Acupuncture 



Acupuncture is the gentle insertion of very fine needles into specific points on the body. This process stimulates the lymphatic and vascular systems, manipulates blood and oxygen circulation, and influences the nervous system and organ function. Acupuncture is one of the main modalities in Traditional Chinese Medicine and acupuncturists are required to be trained in the anatomical location of acupuncture points and the physiology of the body. There are 14 major meridians in the body creating a grid system that traverses the body from head to toe. The meridians travel along the arms, hands, feet, legs, torso, and connect with the internal organs.  The meridians may become blocked or disturbed as a result of stress, poor nutrition, internal and external noxious substances, injury, excessive exposure to wind, damp, heat, cold, and emotional responses such as worry, anxiety, and over thinking. Stimulation of these meridians via acupuncture points helps restore the normal balance and flow of Qi in the body. Qi is the vital energy or the life force of the body. By keeping these energy pathways open and balanced the body is able to heal naturally and promote physical and emotional wellness.
Physiologically through the stimulation of acupuncture points the body will respond by:
  • Releasing endorphins which make us feel good.
  • Release the natural opiates of the body that reduce pain.
  • Release the neurotransmitters affecting the central nervous system thus influencing involuntary body functions such as boosting the immune system.
Acupuncture should not be painful but it is not without sensation. When the needle is being inserted into the acupuncture point you may feel a quick pinch, heat, itching, or pressure at the site of the needle. This is a normal response and you should not feel anything sharp or painful. Generally during the treatment people will feel a deep sense of relaxation and some people fall asleep. Following the treatment people generally will feel an overall increase in energy. Our clinic uses presterilized disposable needles that are discarded after each use.

Cupping
This technique involves glass jars being placed over areas of the skin. A flame is placed in the cup removing the oxygen creating a vacuum resulting in suction that draws the tissue up into the jar opening the pores of the skin. The suction also helps stimulate blood flow, balances and harmonizes the flow of Qi, breaks up obstructions, and creates a pathway for toxins to be drawn out of the body. A temporary discoloration of the skin can occur over the area where the cups are applied, light red indicates heat and inflammation while purple signifies blood not flowing through the muscles properly. The discoloration will dissipate over a few days. Cupping is indicated for conditions like muscle pain and tightness, swelling, asthma, and colds with fluid accumulation.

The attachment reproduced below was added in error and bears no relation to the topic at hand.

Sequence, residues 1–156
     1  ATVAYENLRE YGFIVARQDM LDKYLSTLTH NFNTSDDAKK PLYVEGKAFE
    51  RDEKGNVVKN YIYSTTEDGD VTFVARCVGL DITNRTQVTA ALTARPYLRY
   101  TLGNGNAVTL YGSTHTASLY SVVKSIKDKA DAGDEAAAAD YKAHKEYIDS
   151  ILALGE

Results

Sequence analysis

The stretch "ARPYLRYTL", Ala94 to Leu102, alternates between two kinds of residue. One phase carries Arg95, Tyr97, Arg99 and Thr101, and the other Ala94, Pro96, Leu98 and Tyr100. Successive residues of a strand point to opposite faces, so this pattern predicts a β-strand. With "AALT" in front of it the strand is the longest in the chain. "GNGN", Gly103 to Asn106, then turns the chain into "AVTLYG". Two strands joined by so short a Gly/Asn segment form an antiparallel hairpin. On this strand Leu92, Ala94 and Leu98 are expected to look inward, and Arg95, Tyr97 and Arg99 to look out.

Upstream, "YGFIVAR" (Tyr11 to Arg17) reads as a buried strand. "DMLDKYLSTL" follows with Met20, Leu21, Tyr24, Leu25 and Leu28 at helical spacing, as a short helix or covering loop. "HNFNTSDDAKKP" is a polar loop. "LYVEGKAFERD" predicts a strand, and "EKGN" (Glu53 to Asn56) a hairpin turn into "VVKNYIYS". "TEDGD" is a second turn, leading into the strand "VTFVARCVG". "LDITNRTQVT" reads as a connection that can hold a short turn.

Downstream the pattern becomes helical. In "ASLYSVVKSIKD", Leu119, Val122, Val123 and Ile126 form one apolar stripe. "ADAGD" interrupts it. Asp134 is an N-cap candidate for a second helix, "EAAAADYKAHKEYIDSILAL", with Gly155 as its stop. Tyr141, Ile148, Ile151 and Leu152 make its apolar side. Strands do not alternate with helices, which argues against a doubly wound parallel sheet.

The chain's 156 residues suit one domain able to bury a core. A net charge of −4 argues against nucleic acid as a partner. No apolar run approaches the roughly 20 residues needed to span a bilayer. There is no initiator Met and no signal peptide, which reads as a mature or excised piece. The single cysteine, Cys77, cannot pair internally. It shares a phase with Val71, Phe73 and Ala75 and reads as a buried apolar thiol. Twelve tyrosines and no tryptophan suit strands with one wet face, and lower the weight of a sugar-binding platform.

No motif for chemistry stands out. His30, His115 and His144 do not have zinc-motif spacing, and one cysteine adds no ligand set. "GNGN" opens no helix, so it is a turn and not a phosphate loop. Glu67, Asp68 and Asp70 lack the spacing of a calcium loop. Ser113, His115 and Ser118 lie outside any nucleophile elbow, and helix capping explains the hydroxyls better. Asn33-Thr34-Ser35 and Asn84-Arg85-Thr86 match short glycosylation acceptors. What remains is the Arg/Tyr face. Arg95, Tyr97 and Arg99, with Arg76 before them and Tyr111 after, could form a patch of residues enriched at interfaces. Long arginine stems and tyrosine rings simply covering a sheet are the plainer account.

Gua Sha
This technique involves stimulation or scraping of the skin using a flat edged tool and massage oil. The scrapping will cause a reddening of the skin and small red petechiae know as “sha”. The principle of raising sha to the skin surface is to remove Qi and blood stagnation to promote normal circulation and metabolic processes of the body. Gua sha is indicated for muscle pain and tightness and colds to reduce fever and congestion.
Electrical Stimulation
E Stim is the use of applying a pulsating electrical current to acupuncture needles to stimulate certain acupuncture points or channels within the body. This technique helps decrease pain via the gate theory and can also tonify acupuncture points to move stagnation in the body.

Mei Zen Cosmetic Acupuncture
Drawn from the ancient texts of Chinese medicine, the Mei Zen cosmetic acupuncture is a relatively painless, natural technique. Small, less than hair-width acupuncture needles are placed in a precise configuration just under the skin’s surface to stimulate the production of collagen and elastin. It is an excellent natural alternative to cosmetic surgery facelifts and Botox treatments.
Moxibustion
Moxa is the dried leaves of Artemisia vulgaris (mugwort) that is burned along a meridian or placed indirectly on an acupuncture point. This technique is generally used in conjunction with acupuncture. It can be used to warm acupuncture points and channels by placing moxa on top of the needles during treatment or  to remove cold, tonify Qi and blood, increase circulation, and strengthen vital energy. Moxa can also be used to induce labor or to turn a baby in the womb prior to delivery.
Transdermal Needles
Are mini needles, also known as tacks, that are attached to adhesive tape. The needles are placed on acupuncture points on the body or within the ear and the needles penetrate the skin on a superficial level. They are used to stimulate acupuncture points over a period of time and the tacks can be left on the skin for up to 5 days. This minimally invasive technique is an excellent way to treat children.  It is also used for a variety of conditions and helps with smoking cessation and weight loss. 



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